Rob Baird, with special guest Kait Lawson
9 p.m. Friday at 1884 Lounge, 1555 Madison, inside Minglewood Hall. Tickets: $8, available in advance at the box office and online at minglewoodhall.com.
For more information, call 901-312-6058.
Last summer, during one his increasingly rare visits back home to Memphis, roots singer-songwriter Rob Baird caught one of his heroes, like-minded troubadour Hayes Carll, at the Hi-Tone in a show that got the attention of the press.
"My dad rode me about getting some press in Memphis, too, and now we're on the phone," Baird says. "He was like, if Hayes can get in there, you can get in there. And I was like, Dad, Hayes has sold like 100,000 records."
Just a few months later, as he heads back home for a show Friday at Minglewood Hall's 1884 Lounge with guest Kait Lawson, Baird is getting hard for anybody to ignore.
The Memphis University School graduate is riding high on the success of his latest album, I Swear It's the Truth. The Carnival Music release has been praised in Billboard and recently landed at No. 19 (just behind the Zac Brown Band) on Spin magazine's list of the Top 20 country albums of 2012.
"I didn't know it was going to happen," says Baird of the record's success. "I just woke up the day after it was released and my Twitter was at 400 follows (it's at 800-plus now), and I was like what is happening?"
Baird grew up in Memphis, but spent a number of summers working on a ranch in Wyoming. The experience helped him cultivate the love for country music he has had ever since his father dropped him off at the New Daisy for a David Allan Coe concert when he was in fifth grade.
"A lot of (people) in Memphis are listening to hip-hop, so I guess I kind of stood out there," says Baird. "But I love Memphis. It gives me an identity and a point of view. It's good to be different, I think.
Baird fit in more in Fort Worth, Texas, where he attended Texas Christian University. He got his degree in entrepreneurial management, but all along knew he wasn't going to work for some tech startup, but rather start up his own music career. He played his first gigs in college bars and quickly put together a band to cut the CD Past Tomorrow.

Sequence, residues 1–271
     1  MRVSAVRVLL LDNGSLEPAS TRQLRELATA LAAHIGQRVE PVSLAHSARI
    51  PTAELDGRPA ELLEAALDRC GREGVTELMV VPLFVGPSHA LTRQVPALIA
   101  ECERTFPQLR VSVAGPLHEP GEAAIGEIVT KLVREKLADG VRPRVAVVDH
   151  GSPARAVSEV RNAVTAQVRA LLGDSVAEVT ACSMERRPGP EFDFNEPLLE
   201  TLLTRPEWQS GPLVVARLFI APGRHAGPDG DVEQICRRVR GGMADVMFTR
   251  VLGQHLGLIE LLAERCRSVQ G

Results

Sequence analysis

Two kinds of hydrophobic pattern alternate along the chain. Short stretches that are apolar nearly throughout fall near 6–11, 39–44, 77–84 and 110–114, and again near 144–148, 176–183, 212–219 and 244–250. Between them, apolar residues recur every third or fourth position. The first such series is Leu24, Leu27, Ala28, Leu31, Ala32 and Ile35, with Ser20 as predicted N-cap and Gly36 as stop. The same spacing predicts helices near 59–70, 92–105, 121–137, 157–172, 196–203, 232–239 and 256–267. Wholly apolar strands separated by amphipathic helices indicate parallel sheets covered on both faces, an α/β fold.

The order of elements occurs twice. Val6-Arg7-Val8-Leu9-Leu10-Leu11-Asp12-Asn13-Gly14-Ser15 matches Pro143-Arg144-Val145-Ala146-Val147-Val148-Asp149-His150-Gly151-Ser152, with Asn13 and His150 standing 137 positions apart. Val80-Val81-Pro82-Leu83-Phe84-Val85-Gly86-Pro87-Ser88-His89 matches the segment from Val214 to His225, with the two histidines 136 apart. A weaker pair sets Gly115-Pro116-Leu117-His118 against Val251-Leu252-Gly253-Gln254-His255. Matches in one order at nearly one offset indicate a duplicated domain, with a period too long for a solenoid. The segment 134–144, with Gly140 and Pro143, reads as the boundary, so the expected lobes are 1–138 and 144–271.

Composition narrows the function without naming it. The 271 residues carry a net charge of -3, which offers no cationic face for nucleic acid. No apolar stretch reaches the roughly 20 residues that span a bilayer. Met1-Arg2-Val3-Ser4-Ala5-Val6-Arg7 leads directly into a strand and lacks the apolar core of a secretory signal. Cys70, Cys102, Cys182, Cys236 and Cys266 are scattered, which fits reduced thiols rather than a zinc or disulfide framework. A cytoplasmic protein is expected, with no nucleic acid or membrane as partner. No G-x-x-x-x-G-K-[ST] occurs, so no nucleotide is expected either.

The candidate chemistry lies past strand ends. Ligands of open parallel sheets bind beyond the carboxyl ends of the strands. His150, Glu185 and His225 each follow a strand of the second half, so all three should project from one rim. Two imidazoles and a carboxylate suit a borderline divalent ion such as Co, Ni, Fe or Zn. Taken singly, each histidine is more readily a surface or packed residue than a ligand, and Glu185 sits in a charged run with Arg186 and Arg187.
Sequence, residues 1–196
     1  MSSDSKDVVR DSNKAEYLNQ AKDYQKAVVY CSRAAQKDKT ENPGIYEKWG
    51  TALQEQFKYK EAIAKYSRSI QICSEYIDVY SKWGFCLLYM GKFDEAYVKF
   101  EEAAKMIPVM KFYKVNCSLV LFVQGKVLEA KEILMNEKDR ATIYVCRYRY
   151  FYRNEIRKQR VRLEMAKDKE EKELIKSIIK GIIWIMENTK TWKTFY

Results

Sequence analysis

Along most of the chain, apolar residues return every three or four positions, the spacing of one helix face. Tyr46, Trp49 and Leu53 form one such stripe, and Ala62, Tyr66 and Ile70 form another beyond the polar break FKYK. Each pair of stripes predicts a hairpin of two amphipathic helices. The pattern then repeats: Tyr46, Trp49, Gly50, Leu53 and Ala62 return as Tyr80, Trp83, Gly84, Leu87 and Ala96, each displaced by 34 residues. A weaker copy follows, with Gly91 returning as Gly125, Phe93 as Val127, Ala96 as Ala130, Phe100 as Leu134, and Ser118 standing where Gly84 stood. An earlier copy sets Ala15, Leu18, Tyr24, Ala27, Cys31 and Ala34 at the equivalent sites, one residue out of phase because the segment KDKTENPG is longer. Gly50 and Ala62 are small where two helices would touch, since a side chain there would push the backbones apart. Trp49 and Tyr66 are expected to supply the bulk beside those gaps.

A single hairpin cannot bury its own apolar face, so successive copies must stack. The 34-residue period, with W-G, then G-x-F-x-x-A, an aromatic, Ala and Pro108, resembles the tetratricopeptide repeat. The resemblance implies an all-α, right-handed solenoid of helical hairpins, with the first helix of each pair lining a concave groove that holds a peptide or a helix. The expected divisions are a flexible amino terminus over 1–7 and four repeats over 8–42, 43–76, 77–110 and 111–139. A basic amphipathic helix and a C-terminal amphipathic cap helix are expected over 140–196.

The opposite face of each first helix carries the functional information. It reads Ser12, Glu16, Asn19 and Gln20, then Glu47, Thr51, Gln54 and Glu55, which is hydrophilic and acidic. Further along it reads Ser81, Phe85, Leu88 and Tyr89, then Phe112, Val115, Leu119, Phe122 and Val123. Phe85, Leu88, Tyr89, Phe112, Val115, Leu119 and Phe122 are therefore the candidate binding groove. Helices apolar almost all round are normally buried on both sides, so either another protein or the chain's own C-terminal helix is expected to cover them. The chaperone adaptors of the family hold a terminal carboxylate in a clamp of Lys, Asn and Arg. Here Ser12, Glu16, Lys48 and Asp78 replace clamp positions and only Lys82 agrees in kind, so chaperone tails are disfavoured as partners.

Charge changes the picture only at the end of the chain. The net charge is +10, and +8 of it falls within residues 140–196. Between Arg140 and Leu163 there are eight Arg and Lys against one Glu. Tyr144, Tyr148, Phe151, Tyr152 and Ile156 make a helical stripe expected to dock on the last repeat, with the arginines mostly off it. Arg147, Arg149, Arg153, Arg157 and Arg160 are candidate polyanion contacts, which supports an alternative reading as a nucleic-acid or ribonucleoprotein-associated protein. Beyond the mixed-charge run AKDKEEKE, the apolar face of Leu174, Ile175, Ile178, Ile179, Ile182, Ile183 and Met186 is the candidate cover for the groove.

"It was like throwing paint at a wall and trying to get a picture out of it," Baird recalls of the lost record. "I didn't know what I was doing at all."
Just four years later, Baird showed growth with his sophomore disc, the Carnival Music debut Blue Eyed Angels, which generated three regional singles and earned Baird nominations for New Male Vocalist at the 2011 Texas Regional Radio Music Awards and Emerging Artist at the 2011 Lone Star Music Awards.
For his follow-up, Baird wanted to push himself even more, moving his sound away from country toward a more rock feel. Produced by Scott Davis, the record has Baird writing with up-and-comers like Rick Brantley and Andrew Combs, and also features another Texas transplant from Memphis, singer Kelley Mickwee.
"We wanted to make a collection of songs that stretched outside the boundaries of what's happening in Memphis while still touching on the singer-songwriter tradition that happens there," says Baird, who has ramped up his touring considerably since the accolades have started pouring in.
"We weren't out to change to world. We were just out to make a solid record."